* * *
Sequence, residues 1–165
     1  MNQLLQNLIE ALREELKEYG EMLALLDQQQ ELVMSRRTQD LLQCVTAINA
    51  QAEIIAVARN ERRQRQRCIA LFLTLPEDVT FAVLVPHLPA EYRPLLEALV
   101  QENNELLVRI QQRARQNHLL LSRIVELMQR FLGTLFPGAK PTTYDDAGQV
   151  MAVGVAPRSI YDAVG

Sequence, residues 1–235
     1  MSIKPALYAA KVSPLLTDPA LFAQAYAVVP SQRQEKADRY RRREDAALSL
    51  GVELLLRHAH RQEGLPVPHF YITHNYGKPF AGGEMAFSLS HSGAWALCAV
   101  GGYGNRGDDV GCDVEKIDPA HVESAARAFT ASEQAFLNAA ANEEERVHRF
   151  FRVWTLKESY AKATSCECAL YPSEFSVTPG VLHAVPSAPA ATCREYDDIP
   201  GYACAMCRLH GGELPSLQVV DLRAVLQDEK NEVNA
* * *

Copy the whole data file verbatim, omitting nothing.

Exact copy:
Sequence, residues 1–165
     1  MNQLLQNLIE ALREELKEYG EMLALLDQQQ ELVMSRRTQD LLQCVTAINA
    51  QAEIIAVARN ERRQRQRCIA LFLTLPEDVT FAVLVPHLPA EYRPLLEALV
   101  QENNELLVRI QQRARQNHLL LSRIVELMQR FLGTLFPGAK PTTYDDAGQV
   151  MAVGVAPRSI YDAVG

Sequence, residues 1–235
     1  MSIKPALYAA KVSPLLTDPA LFAQAYAVVP SQRQEKADRY RRREDAALSL
    51  GVELLLRHAH RQEGLPVPHF YITHNYGKPF AGGEMAFSLS HSGAWALCAV
   101  GGYGNRGDDV GCDVEKIDPA HVESAARAFT ASEQAFLNAA ANEEERVHRF
   151  FRVWTLKESY AKATSCECAL YPSEFSVTPG VLHAVPSAPA ATCREYDDIP
   201  GYACAMCRLH GGELPSLQVV DLRAVLQDEK NEVNA